The majority of Christians are staunch supporters of retributive justice. They believe it is what the Bible not only advocates, but indeed mandates. They believe God executes retributive justice on his wayward children and that we are to do likewise. I disagree on both counts. Confident that I am on pretty solid ground here, firmly anchored to one of the core themes of the Biblical narrative, I am not afraid to speak my truth no matter how unpopular it may be.

My reading of the Bible tells me that God’s ways are not man’s ways, that his vision of justice is very different from ours. That vision is delineated not only in isolated texts, but also through an ongoing theme that flows from Genesis through Revelation. God’s great mission is to restore his creation, a creation that he dearly loves and desires to bring back into relationship with him. That is God’s justice—making all things right—for all of creation.

For just as the Holy Trinity made all things from nothing, so the Holy Trinity shall make all well that is not well.            

– Julian of Norwich

The message of God’s justice was on the lips of the Prophets and its echoes reverberate in Psalms. Jesus was God’s justice incarnate. He clearly restated his Father’s vision as he opened his ministry, and reflected it through both his words and deeds throughout his ministry.

God’s justice is relational. It is always about bringing us closer to him and to one another in community, restoration of whole relationships. It brings hope into broken contexts, opening the possibility of healing for those injured. It compassionately confronts those who have caused injury and encourages the turning toward life that is repentance. It liberates victims and offenders alike through the merciful offer of forgiveness. It is the creative transformation of evil into good, making things right. It is inclusive, addressing the needs of all involved—victims, offenders, and the community at large. It is not about strict fairness, but rather a spirit of generosity that reaches beyond fairness to self-sacrifice. It is, as theologian Reinhold Niebuhr put it, the “impossible possibility” of loving our neighbors, and—heeding Jesus—turning Lamech’s threat on its head, forgiving seventy-seven times.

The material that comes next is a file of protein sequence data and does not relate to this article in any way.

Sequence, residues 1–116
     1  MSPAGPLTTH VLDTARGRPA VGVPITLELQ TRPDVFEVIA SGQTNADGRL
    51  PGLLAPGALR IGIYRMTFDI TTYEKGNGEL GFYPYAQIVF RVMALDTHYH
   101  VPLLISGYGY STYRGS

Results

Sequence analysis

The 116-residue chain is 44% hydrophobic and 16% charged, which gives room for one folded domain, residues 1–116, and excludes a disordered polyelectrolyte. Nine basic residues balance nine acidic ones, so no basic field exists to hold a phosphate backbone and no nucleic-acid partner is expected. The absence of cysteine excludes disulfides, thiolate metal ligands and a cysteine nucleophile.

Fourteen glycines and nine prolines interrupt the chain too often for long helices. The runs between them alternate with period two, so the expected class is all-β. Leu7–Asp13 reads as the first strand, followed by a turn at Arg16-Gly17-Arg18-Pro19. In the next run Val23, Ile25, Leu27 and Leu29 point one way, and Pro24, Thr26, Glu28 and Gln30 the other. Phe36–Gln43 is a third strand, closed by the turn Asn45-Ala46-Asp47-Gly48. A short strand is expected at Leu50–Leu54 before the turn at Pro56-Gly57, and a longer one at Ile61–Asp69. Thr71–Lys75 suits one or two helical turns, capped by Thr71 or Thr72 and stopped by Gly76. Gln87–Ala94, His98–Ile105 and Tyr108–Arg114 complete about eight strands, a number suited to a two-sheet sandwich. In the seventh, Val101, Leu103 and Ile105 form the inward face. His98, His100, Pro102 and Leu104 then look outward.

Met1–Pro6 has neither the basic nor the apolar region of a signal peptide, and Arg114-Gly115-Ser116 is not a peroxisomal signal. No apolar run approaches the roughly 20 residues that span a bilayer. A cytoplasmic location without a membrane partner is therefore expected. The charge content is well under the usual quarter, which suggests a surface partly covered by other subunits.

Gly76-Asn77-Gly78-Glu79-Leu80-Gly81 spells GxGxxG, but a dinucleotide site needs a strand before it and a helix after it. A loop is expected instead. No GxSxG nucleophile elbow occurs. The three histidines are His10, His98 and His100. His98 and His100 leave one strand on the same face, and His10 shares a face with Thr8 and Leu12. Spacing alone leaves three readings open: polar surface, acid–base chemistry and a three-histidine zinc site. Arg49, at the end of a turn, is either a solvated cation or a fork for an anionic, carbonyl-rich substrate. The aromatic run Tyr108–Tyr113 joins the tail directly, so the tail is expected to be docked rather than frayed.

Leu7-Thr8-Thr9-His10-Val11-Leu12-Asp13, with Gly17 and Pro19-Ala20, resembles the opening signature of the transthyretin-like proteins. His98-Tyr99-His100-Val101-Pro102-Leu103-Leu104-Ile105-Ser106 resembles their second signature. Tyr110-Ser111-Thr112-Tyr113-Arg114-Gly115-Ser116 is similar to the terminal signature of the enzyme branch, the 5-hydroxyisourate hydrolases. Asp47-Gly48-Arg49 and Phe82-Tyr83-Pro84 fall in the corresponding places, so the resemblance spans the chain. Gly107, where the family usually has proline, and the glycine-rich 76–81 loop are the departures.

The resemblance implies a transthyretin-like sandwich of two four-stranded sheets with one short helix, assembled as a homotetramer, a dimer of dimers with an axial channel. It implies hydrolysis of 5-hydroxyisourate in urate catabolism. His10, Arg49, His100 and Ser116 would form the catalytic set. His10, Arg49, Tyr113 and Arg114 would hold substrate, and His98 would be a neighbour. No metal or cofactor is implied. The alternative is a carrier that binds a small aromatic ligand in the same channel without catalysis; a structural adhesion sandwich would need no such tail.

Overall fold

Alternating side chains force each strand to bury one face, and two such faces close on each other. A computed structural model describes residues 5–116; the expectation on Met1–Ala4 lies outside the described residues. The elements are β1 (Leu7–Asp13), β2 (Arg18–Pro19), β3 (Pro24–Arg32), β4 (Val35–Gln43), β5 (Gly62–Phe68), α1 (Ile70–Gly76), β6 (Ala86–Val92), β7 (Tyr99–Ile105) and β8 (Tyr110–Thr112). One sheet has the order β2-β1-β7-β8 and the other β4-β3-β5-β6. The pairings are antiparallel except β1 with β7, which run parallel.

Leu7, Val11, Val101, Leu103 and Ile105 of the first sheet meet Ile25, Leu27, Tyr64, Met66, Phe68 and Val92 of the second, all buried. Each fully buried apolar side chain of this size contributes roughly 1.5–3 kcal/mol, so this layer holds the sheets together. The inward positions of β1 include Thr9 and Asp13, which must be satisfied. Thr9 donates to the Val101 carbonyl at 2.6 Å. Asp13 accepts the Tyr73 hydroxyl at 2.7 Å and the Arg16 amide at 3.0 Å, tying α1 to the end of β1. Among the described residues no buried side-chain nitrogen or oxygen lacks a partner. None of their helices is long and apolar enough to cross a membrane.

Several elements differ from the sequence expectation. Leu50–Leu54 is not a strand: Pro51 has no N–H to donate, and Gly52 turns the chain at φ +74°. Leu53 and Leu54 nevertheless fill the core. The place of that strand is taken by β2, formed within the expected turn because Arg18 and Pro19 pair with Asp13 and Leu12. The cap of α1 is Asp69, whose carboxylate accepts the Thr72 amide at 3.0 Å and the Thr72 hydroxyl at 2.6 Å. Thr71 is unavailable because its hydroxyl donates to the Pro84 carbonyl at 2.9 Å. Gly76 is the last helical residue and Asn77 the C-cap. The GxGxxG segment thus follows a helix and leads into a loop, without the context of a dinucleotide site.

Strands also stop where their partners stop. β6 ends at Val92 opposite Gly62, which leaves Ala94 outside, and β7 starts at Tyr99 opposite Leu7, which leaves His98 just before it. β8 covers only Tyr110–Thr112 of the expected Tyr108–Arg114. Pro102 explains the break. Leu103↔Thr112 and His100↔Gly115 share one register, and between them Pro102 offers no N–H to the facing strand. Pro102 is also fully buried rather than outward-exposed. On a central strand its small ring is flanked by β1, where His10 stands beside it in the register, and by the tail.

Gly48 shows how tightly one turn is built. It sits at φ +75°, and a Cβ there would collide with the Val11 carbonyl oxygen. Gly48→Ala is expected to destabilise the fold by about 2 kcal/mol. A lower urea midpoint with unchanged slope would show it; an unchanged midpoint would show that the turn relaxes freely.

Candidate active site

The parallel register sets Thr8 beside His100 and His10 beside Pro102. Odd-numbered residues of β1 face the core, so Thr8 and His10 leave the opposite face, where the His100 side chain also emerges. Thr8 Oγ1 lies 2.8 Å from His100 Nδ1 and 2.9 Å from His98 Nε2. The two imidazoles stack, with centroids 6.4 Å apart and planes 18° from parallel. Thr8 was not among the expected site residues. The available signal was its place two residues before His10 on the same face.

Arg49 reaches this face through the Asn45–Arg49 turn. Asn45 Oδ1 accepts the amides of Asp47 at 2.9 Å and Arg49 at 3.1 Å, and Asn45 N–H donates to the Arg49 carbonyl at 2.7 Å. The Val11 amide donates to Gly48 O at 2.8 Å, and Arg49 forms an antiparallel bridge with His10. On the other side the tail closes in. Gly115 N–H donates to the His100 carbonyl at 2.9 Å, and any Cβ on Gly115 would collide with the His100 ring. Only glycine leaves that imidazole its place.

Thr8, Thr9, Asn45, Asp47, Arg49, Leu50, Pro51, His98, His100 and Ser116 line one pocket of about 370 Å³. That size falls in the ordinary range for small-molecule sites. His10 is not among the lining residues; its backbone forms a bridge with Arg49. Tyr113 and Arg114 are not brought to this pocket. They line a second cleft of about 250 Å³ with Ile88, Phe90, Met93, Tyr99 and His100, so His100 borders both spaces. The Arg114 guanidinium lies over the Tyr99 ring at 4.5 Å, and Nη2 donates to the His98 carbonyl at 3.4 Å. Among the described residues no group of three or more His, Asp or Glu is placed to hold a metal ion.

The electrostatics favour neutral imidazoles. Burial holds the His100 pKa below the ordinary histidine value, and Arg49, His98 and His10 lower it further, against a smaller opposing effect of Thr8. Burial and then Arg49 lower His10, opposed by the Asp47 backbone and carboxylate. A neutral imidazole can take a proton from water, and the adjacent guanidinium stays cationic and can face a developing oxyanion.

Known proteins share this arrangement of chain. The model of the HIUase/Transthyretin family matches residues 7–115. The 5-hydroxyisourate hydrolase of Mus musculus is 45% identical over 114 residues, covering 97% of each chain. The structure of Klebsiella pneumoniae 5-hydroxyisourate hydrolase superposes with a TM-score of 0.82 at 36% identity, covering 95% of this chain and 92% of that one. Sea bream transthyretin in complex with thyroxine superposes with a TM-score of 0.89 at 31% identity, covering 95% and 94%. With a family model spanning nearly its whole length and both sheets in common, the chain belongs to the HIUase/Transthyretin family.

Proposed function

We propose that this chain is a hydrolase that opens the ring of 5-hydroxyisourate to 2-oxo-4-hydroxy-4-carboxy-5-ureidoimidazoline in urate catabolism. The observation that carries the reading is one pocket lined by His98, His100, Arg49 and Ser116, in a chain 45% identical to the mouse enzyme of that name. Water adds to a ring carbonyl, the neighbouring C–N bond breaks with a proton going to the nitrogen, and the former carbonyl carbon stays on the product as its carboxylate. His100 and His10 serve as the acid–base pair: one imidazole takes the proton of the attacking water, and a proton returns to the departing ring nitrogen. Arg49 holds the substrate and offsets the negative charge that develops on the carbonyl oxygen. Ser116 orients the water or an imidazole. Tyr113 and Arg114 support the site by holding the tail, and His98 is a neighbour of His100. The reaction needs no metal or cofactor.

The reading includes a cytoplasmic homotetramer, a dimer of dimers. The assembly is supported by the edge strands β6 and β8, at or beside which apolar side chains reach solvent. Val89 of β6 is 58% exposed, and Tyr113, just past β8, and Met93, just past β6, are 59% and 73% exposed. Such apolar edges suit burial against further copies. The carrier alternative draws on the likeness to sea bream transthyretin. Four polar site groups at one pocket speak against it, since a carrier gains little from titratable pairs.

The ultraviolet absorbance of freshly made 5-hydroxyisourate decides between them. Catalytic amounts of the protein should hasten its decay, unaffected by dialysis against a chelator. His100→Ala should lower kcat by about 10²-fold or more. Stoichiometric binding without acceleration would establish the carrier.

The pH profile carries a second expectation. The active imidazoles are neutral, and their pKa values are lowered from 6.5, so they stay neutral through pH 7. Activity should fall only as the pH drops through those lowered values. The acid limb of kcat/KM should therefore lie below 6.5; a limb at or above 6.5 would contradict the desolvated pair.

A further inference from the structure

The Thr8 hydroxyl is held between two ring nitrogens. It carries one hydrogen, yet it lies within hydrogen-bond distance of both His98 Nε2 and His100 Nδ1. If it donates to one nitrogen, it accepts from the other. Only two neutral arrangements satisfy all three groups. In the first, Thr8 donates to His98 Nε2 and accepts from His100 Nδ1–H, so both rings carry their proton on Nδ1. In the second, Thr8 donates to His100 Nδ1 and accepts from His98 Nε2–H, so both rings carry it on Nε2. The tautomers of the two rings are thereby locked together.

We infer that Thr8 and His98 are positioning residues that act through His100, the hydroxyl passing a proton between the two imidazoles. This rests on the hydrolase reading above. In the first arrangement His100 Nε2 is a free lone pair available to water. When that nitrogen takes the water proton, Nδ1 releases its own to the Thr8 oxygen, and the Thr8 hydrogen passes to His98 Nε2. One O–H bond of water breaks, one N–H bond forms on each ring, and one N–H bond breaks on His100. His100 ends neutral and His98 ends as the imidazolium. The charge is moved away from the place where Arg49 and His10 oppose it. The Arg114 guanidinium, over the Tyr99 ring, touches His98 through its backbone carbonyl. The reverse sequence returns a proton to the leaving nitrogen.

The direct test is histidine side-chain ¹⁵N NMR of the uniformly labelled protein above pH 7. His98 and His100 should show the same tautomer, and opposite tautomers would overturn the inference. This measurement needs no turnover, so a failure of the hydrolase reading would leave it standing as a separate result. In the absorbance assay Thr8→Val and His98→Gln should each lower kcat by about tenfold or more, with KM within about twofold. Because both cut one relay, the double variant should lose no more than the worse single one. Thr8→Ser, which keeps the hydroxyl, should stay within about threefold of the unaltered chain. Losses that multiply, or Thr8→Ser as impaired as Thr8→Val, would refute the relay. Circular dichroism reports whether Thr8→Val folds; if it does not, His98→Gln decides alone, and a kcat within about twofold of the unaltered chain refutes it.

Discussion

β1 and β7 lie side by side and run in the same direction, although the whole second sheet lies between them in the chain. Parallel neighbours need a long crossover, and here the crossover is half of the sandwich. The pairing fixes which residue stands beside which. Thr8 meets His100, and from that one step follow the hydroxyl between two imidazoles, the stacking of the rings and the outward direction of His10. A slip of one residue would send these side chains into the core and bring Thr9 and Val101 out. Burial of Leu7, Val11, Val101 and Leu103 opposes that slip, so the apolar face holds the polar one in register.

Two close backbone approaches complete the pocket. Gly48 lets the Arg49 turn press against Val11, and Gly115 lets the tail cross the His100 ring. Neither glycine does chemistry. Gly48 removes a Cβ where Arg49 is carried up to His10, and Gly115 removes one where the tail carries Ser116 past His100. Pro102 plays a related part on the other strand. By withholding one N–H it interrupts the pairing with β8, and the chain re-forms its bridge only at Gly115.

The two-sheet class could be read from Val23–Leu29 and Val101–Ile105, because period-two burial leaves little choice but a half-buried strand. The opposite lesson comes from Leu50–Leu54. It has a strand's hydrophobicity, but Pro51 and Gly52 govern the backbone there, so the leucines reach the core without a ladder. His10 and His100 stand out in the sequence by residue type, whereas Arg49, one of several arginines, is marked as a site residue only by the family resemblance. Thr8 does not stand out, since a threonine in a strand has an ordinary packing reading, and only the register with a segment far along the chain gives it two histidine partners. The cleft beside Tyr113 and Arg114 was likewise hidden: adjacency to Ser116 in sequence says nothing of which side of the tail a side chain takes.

Since this kind of justice cuts diametrically across the grain of normal human behaviour, it is impossible without God being part of the equation. Despite man’s best efforts, without God, justice runs roughshod. With God, justice becomes inextricably tied to mercy, and ultimately forgiveness. It is about grace. It is about redemption. It is about love.

Restorative justice emphasizes repairing the harm caused or revealed by criminal behaviour, attempting to identify and meet the needs of victims, offenders, and everyone else touched by the crime. It is best accomplished through cooperative processes that include all stakeholders, for often the truth is not in the facts, but lies hidden between them. Truth and reconciliation commissions and First Nations healing circles are excellent examples of restorative justice in action. There have been a few halting moves in the Canadian legal system toward restorative justice, but the prevailing system is jealously territorial, relegating these initiatives to the fringes, restricting them to cases deemed “less serious”. I have long been convinced through my intensive involvement in our euphemistically labeled correctional system that retributive justice does more harm than good, and have supported and participated in restorative justice initiatives.

I learned long ago through bitter experience that I cannot change the system substantially. Canada’s justice system is a multi-billion dollar business with many vested interests, all determined to defend their turf. All I can do is change myself, how I think, what I do. I can keep in mind what I am called to do, what my job is. I can lift the fallen, restore the broken, and heal the hurting. I can do justice, love kindness, and walk humbly with my God. That’s what the Lord says is good.